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AML

Sanctions screening: Adapting to a growing challenge

According to the 2022 Thomson Reuters Anti-Money Laundering Insights Survey, sanctions screening was already identified as a top challenge for many organizations. But the continued use of economic penalties to end a military conflict — for example, during Russia’s invasion of Ukraine — has made it almost impossible for companies to stay compliant without a robust sanctions screening program.

Risk of fines and public backlash

While sanctions play an important role in national security and international peacekeeping, they’re also vital for fighting financial crimes. Given their significance, a firm that continues to do business with sanctioned governments, legal entities, or individuals faces substantial fines. In the United States, civil and criminal penalties can exceed several million dollars.

But financial consequences are not the only concern. Global investors and citizens demand genuine corporate social responsibility and are quick to distance themselves from firms that don’t measure up. The risk for businesses is that a missed screening could be seen as a failure to make a positive impact, triggering reputational damage.

State of flux is the biggest issue

That said, checking whether customers are on Office of Foreign Asset Control (OFAC) sanctions lists is easier said than done. Even though individuals and organizations are routinely vetted as part of know-your-customer (KYC) due diligence and anti-money laundering procedures, firms face the following challenges with their screening process:

  • Sanctions lists can change frequently, even from day to day. Whenever there is an update, the new list needs to be checked against the existing customer base.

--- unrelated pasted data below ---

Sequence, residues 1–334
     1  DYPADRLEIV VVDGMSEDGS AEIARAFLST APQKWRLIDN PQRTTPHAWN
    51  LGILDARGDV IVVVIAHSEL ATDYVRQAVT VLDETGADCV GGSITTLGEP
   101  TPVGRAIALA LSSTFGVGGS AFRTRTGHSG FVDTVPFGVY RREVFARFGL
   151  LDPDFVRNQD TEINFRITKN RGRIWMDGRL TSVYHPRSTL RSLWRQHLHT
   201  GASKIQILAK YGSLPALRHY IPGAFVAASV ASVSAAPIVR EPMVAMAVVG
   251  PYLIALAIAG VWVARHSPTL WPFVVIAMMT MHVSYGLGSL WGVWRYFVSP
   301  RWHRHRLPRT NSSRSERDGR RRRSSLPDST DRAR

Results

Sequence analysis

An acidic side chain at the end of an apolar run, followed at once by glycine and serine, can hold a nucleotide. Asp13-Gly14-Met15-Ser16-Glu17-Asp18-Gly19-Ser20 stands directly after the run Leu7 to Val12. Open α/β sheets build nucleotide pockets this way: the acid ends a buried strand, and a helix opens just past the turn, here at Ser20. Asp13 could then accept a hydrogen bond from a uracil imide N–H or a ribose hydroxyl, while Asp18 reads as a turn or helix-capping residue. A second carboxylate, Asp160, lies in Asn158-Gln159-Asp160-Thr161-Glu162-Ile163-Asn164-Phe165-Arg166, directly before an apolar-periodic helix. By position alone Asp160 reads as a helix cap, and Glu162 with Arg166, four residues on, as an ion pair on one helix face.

• A customer’s KYC profile can evolve as well so internal data must be kept current.
  • Financial or trade sanctions are complex, with each restriction designed differently to achieve a particular outcome. They vary in whether their scope is broad or specific, whether they target a single individual, an organization, or an entire state. They may have an expiration date or go on indefinitely. With so much complexity and variation, time needs to be spent on understanding how each relevant sanction applies.
  • Restricted parties could use sophisticated methods to avoid detection — for example, by setting up shell companies to control prohibited firms.
  • Typos, misspelling of words, or different naming conventions could lead to incorrect screening, especially in relation to foreign entities.

In addition, depending on the type of business and its size, the volume of customer data that needs to be analyzed could render it virtually impossible for one person or even a small team to monitor it all.

Automated tools are a critical first step

So, how can an organization operate a screening process that remains effective and efficient in the face of constant change?